“The State Department has decided that the Keystone XL pipeline would not serve the national interest of the United States. I agree with that decision.” -President Obama, Nov. 6, 2015
In a move that surprised many, President Obama has ushered his official statement that the Keystone XL Pipeline has been rejected and will not go through.
Proposed in 2008, the 1,179-mile $8 billion dollar pipeline project was slated to transport 830,000 barrels of crude oil from East Central Alberta tar sands to refineries on the Texas Gulf Coast. Because it crossed an International border, this decision had been long-pending in the hands of the State Department. It makes obvious the fact that climate change is key consideration for all energy infrastructure projects going forward.
Other parts of the Trans Canada Keystone Project have been built between central Nebraska and Texas, and have often faced opposition from a number of groups and environmental associations due to the negative impact of these projects on climate change and locally impacted communities that facilitate the transmission pipeline infrastructure. The United States Environmental Protection Agency have stated that the completed pipeline project would emit around 1.3 billion tons of greenhouse emissions over it’s 50 year lifespan.
Penn State University climate scientist Michael Mann stated, “Construction of the Keystone XL pipeline would be inconsistent with stabilizing global warming below dangerous levels. I am pleased that the administration has made good on their promise to take seriously the task of acting on climate by rejecting the construction of the pipeline.”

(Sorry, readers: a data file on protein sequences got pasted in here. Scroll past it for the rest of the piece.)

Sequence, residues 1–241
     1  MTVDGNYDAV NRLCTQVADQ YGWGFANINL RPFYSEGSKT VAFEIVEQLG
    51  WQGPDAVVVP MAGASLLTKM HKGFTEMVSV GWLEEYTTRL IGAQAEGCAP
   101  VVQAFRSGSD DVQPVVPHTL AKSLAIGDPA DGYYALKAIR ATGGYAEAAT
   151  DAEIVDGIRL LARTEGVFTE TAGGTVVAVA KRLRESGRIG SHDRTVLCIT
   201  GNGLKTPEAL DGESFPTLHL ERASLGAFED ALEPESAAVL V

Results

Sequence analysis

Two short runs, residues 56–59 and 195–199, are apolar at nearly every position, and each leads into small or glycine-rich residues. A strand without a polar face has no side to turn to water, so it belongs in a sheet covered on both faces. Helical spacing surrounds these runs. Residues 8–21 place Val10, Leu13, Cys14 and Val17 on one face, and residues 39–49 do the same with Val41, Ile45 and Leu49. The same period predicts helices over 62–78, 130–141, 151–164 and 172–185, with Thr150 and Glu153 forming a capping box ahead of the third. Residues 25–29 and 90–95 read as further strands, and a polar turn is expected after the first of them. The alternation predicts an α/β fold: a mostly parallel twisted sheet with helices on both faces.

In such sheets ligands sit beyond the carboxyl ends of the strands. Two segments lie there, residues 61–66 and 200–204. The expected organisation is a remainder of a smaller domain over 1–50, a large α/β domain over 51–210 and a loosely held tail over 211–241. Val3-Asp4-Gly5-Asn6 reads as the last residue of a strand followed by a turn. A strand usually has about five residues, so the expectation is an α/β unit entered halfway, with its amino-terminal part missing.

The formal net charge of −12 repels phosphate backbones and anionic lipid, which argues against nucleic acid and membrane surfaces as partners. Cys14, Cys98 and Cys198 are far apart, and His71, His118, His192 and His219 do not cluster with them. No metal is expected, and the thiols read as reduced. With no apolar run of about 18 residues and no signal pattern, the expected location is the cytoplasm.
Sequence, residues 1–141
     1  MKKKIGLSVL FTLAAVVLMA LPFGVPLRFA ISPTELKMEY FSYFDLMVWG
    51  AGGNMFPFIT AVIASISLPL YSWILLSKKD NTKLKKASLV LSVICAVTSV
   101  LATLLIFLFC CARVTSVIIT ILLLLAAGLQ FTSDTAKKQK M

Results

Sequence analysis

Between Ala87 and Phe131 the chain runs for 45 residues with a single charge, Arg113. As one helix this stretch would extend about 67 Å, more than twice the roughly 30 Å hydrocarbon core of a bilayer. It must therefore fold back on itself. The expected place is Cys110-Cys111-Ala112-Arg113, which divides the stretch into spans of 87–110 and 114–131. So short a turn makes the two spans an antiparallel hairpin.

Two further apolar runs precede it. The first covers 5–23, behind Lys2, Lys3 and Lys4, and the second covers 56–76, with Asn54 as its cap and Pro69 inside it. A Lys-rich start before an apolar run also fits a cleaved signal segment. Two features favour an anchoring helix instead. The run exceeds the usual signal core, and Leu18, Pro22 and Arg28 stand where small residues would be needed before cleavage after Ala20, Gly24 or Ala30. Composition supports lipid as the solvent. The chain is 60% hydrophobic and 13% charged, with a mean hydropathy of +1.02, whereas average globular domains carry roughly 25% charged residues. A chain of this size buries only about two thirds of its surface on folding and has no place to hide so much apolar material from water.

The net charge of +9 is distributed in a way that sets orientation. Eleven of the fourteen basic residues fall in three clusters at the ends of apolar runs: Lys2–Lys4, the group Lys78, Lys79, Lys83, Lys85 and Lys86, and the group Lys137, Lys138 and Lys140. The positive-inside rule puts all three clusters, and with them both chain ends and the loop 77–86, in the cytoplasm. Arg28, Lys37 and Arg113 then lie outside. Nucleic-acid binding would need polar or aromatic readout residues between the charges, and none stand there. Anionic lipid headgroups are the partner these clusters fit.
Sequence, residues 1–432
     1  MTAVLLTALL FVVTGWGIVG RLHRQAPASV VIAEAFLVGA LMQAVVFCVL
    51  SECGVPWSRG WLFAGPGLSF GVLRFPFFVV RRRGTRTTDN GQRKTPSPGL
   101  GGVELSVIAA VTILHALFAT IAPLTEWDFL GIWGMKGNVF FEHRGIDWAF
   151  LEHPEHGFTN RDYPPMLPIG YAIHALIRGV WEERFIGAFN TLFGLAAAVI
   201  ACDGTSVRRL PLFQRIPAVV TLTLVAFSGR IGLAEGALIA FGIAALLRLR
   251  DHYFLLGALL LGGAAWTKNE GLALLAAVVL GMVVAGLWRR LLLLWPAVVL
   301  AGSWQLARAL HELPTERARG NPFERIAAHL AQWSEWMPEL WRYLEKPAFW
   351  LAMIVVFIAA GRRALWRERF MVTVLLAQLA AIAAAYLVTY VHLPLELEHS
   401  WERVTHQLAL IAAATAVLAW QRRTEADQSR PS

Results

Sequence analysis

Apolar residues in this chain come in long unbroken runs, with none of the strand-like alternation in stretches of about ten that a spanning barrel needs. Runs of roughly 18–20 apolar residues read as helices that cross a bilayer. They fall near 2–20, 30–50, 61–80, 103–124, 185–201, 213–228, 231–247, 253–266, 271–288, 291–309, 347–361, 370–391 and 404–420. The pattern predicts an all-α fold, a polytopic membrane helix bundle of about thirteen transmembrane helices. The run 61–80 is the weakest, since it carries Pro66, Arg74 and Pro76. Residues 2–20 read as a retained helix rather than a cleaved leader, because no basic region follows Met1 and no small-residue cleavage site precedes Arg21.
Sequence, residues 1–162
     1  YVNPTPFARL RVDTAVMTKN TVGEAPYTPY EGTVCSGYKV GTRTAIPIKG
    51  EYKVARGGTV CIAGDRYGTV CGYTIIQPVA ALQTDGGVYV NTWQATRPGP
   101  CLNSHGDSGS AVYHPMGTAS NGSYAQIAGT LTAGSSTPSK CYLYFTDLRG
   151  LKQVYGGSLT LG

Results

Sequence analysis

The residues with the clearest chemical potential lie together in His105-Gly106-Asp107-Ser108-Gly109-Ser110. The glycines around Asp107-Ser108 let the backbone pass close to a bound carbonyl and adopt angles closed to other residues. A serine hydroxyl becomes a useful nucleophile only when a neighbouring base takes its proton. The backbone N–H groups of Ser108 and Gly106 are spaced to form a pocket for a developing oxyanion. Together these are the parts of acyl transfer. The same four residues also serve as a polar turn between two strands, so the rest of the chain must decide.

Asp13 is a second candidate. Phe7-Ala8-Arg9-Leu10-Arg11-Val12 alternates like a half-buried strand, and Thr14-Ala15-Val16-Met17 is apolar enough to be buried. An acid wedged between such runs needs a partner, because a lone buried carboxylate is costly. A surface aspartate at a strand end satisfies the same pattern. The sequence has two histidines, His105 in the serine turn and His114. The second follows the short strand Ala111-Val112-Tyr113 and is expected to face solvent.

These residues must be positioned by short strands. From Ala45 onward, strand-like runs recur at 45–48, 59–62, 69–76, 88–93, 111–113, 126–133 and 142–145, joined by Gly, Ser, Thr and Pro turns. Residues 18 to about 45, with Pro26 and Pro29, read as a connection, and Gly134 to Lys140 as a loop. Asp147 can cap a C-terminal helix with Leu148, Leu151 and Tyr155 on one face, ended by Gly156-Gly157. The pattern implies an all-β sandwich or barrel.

This decision does not mean that Alberta Oil will not make it’s way to the Gulf Coast and other refineries through other methods, but it does require many players to go back to the drawing board. Aside from Keystone, there is the larger infrastructure project, Energy East Pipeline that is planned to stretch 4,600 kms and carry with it 1.1 Million barrels of oil per day from Alberta and Saskatchewan to New Brunswick. Stateside, Enbridge’s Line 61 Upgrade Project that was started in 2014, will carry 1.2 million barrels per day from Wisconsin to a refinery terminal near Pontiac, Illinois.
So what does this mean for the energy sector in Alberta, as well as renewables? Pretty much everything.
Alberta is a proud Province that developed it’s very foundation and existence upon it’s natural resources and production in the energy sector, but they are also home to some of the most abundant solar and wind resources in Canada, with many locations appreciating an average of 333 days of sun per year, as an example. There is commonly a “green vs. black” polarization on this matter, with each side holding strong to their philosophy on how our world and economic engine can continue in either direction.
The enormous industrial and economic powerhouses backing fossil fuel production and consumption have been placing an eye on alternatives, but the big wheel has been spinning for hundreds of years, and the integration of energy sources on the way to
All change is hard, but without the actual definitive decision in one direction, change cannot chart it’s course.
Oil is still moving, as is the Global dependency of fossil fuels to sustainable, alternative sources. Both are not new, but the respective dependency on each is where we’re seeing a strong shift. It is the capitalistic engine that will be the large determining force in the great wealth transition from traditional to renewables – but as something that started long ago, and now reached parity in pricing, the changes in infrastructure investments should be dramatic in the coming years.